Israel's continued ground invasion of Gaza and relentless bombing campaign threatens to completely eradicate the Christian community in Gaza, says CMEP. The bombing of St Porphyrius Orthodox Church compound killed 18 Christians and left many more injured.
Hundreds of Christians are sheltering in the Holy Family Catholic Church in Gaza City but are quickly running out of food and other necessities. No place is safe from the ongoing Israeli military offensive, said CMEP.
The Al Ahli Anglican Hospital, one of the last functional hospitals in Gaza City, was surrounded by Israeli tanks on 16 November.
The Orthodox Cultural Centre, a newly-built facility bringing together Gazans from across religious communities, has been destroyed. The World Council of Churches (WCC) voiced support to the Greek Orthodox Patriarchate of Jerusalem following the destruction.
The CMEP warned that Christians are not only under threat in Gaza but in other parts of the occupied Palestinian territories as well. Israeli settlers have threatened to take large parts of the Armenian Quarter in the Old City of Jerusalem.
The Armenian Patriarchate of Jerusalem said it had complained on 18 November about damage to their property but police responded that all members of the Armenian community must leave.
The patriarchate said: “We plead with the entirety of the Christian communities of Jerusalem to stand with the Armenian Patriarchate in these unprecedented times as this is another clear step taken towards the endangerment of the Christian presence in Jerusalem and the Holy Land.”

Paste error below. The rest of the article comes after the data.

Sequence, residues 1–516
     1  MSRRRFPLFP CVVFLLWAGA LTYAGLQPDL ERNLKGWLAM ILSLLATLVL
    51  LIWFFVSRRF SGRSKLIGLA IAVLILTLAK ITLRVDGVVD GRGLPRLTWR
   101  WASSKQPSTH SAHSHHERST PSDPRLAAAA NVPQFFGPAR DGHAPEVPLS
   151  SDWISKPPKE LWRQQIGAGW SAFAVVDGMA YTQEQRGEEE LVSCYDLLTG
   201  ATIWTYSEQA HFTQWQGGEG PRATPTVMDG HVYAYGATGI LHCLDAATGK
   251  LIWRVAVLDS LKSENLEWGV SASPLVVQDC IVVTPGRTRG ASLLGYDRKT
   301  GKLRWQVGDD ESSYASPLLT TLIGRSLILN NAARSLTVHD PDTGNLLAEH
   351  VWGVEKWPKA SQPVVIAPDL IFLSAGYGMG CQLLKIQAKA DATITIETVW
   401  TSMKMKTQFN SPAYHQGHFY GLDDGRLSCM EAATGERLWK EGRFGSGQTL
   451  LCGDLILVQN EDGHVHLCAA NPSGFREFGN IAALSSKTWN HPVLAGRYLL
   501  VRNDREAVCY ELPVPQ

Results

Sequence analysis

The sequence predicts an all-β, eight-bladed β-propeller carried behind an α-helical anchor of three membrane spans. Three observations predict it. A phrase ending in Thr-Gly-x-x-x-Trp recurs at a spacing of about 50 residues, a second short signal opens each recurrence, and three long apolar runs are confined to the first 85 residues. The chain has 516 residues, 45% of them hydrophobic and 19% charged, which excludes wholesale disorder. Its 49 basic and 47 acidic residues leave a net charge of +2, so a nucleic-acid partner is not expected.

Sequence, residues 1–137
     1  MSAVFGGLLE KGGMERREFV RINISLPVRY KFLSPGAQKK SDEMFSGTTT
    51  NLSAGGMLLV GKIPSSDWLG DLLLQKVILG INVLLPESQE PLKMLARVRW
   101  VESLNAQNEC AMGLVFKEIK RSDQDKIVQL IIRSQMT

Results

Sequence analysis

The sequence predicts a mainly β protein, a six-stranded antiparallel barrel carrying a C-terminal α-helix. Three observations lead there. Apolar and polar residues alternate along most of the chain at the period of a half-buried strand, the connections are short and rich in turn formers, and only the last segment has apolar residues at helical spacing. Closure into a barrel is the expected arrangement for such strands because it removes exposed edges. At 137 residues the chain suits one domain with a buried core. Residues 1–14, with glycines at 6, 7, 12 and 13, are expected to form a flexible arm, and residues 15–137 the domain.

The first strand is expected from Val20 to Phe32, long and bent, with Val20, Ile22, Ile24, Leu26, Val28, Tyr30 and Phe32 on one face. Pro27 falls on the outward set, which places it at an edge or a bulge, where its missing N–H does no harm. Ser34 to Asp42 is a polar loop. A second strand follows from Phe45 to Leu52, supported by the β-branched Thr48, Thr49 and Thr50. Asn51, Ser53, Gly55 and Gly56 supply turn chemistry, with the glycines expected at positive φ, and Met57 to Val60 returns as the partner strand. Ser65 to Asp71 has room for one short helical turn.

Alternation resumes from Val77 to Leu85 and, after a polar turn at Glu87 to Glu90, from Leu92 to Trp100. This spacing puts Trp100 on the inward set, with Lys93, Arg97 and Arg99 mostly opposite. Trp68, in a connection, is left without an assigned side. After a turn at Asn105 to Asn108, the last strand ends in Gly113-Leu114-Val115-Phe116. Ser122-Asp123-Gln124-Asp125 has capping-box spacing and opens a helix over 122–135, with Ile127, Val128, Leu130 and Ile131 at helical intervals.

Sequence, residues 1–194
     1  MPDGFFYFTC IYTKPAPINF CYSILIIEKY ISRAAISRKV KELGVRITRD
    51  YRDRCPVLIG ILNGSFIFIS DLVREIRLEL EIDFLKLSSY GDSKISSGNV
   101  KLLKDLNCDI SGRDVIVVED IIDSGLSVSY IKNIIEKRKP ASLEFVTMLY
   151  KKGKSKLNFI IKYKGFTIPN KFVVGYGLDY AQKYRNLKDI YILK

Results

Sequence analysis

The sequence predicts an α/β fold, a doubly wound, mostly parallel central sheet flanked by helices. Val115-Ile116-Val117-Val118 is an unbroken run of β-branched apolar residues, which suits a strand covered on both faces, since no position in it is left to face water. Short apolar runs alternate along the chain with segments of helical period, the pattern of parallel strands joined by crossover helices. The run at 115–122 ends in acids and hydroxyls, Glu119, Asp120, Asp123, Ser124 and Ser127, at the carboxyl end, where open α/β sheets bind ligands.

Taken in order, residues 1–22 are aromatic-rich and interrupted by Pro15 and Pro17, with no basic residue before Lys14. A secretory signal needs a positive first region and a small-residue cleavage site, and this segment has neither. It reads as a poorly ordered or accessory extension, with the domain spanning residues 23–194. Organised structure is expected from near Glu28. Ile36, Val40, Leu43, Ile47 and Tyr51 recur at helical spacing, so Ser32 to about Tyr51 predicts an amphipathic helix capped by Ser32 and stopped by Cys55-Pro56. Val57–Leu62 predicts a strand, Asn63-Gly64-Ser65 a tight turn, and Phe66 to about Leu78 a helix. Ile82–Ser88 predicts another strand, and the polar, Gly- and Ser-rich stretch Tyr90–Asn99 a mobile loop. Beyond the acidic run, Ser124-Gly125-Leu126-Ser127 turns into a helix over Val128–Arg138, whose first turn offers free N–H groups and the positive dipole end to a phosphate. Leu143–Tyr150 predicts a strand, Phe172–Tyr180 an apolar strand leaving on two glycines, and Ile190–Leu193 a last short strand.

The CMEP suggested the US government has “a critical role to play in ensuring Christianity does not disappear in the land where it began”.
In Syria, Archbishop Julian Yacoub Mourad of Homs reiterated last week his view that the two-state solution for Israel and Palestine is the only way toward a just and sustainable peace in the entire region.
In Germany, several German bishops have distanced themselves from Greta Thunberg’s Fridays for Future initiative, after she wore Palestinian scarf to a climate conference in Amsterdam and chanted “No climate justice on occupied land”.
The Diocese of Hildesheim, whose bishop Heiner Wilmer visited Israel last week, issued a statement saying it “regards Ms Thunberg’s words on the escalation of violence in the Near East absolutely critically as they are one-sided and do not do justice to a complex situation and because they do not quite clearly distance themselves from anti-Semitism”.
The Archdiocese of Berlin told katholisch.de that it was “firmly on the side of our Jewish neighbours”, emphasising that Archbishop Heiner Koch was against all forms of anti-Semitism. Koch has praised Thunberg in the past but faced criticism on social media after she became associated with the Palestinian cause.
Iraq’s President Abdul Latif Rashid met with Pope Francis Saturday, days after a cardinal lost an Iraqi legal challenge over the withdrawal of a presidential decree.
The Vatican said that during Nov. 18 talks between Rashid, the pope, and senior curial officials, “the need was reiterated for the Catholic Church in Iraq to be able to continue to carry out its valued mission and for all Iraqi Christians to be a vibrant and active part of society and the territory.”
The Vatican meeting followed a Nov. 14 ruling by Iraq’s Federal Supreme Court upholding Rashid’s July decision to withdraw a 2013 civil decree recognizing Cardinal Louis Raphaël Sako as the head of the Chaldean Catholic Church and the holder of its endowments.